Just wondering whether you guys out there are favouring the OpenGraph protocol following markup like:

<meta property="og:title" content="The Rock" />
<meta property="og:type" content="movie" />
<meta property="og:url" content="http://www.imdb.com/title/tt0117500/" />

Or the Schema.org protocol with

<div itemscope itemtype="http://schema.org/Product">
  <span itemprop="name">Kenmore White 17" Microwave</span>
  <img src="kenmore-microwave-17in.jpg" alt='Kenmore 17" Microwave' />
  <div itemprop="aggregateRating"
    itemscope itemprop="http://schema.org/AggregateRating">

Which one should I integrate as I think only 1 is necessary ? [actually can you only integrate one or ?]

Frankly, IMHO - I think OpenGraph is "less intrusive" to the total codebase - as it's easier to implement Partial Views [using ASP.NET MVC] whereas the Schema.org protocol requires [at least in my opinion] disruptive HTML add-ins across your code ?

Edit: Seems I ended up integrating both - not sure whether this is allowed but the documentation on Schema.org is unclear. Notably, this link doesn't provide much info

Q: How does schema.org relate to Facebook Open Graph?
Facebook Open Graph serves its purpose well, but it doesn't provide the detailed information search engines need to improve the user experience.

A single web page may have many components, and it may talk about more than one thing. If search engines understand the various components of a page, we can improve our presentation of the data. Even if you mark up your content using the Facebook Open Graph protocol, schema.org provides a mechanism for providing more detail about particular entities on the page.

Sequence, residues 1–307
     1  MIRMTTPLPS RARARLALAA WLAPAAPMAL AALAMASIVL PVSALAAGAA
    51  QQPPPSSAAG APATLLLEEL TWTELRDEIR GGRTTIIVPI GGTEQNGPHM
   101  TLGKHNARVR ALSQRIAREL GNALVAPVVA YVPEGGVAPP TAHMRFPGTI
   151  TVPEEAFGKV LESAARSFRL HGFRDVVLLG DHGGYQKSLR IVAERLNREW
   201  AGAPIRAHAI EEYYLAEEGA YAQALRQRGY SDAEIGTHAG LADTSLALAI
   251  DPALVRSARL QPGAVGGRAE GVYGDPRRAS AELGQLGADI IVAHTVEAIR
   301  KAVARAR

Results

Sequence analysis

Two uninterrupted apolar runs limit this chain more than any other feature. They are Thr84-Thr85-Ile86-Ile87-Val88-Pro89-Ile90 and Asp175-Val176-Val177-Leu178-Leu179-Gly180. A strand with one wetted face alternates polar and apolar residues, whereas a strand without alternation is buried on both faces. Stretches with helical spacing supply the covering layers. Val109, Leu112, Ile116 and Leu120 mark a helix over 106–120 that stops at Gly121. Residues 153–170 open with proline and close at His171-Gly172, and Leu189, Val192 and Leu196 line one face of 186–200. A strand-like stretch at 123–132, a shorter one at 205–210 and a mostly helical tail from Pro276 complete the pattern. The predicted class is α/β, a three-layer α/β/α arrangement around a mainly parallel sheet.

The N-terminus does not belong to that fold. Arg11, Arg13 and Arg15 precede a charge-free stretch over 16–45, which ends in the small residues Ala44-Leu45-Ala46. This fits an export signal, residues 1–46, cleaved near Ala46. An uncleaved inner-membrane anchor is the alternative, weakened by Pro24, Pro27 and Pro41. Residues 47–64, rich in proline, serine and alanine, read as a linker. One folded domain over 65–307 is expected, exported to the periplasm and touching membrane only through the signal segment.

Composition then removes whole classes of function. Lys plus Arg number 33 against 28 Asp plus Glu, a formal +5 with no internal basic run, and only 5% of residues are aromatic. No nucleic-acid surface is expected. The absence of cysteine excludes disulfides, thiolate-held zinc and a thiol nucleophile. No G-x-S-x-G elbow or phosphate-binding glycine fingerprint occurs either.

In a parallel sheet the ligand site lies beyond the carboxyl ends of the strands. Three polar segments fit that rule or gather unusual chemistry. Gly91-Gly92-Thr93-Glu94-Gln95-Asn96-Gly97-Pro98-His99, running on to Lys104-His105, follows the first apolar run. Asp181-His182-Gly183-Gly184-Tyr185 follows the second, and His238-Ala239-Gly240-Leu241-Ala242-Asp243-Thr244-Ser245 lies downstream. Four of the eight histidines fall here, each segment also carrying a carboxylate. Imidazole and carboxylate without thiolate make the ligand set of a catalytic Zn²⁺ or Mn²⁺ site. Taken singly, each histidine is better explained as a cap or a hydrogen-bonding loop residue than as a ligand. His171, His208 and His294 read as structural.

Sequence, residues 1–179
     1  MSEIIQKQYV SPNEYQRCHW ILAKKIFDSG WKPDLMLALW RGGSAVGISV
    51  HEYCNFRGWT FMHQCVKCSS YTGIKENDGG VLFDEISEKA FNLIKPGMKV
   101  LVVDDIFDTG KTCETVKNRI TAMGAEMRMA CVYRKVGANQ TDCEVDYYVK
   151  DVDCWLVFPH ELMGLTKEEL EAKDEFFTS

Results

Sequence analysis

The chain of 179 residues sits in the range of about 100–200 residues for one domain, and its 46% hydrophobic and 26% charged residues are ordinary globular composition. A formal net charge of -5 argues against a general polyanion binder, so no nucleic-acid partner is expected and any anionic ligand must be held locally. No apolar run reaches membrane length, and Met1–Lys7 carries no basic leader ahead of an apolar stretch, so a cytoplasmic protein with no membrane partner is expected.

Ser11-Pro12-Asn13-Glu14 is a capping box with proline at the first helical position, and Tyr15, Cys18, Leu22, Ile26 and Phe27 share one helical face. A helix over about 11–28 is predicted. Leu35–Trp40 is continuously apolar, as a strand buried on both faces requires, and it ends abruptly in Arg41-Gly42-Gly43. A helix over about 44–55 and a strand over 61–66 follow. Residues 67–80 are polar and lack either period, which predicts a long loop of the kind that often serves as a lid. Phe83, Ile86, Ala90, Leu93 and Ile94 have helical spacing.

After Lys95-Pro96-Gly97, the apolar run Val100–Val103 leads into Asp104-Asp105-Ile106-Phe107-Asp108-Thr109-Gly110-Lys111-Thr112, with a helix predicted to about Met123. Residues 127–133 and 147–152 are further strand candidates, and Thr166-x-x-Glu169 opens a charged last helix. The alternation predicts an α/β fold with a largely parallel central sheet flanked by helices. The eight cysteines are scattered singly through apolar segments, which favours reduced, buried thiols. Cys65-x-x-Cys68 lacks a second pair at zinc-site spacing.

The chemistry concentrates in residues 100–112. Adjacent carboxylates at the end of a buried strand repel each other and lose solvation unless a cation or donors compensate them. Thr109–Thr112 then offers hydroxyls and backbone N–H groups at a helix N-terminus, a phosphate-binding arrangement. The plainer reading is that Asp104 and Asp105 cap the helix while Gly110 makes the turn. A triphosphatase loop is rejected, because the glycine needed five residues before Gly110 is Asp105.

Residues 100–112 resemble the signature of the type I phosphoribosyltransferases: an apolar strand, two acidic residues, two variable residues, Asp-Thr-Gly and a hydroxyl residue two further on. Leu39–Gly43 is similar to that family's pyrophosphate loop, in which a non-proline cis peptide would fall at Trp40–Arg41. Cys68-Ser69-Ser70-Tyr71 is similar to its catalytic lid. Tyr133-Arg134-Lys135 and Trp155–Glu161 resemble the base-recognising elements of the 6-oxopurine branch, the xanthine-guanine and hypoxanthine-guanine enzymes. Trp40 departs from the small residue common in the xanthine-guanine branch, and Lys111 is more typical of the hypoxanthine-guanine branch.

For example, a page about a band could include any or all of the following:

  • A list of albums
  • A price for each album
  • A list of songs for each album, along with a link to hear samples of each song
  • A list of upcoming shows Bios of the band members

So I assume that they are compatible together.

  • Our site has OG and microformats. While I'm currently migrating from microformats to schema.org, we'll definitely keep the OG tags as well. – David Harkness Jul 20 '11 at 18:14
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    "Schema.org protocol requires disruptive HTML add-ins" - That's not true, look up JSON-LD – BlueRaja - Danny Pflughoeft May 4 '17 at 19:25

So, to start with a couple of cliche's and mangled metaphors - we're talking apples and oranges a bit comparing OG and Schema.org, and when it comes to this metadata it's horses for courses.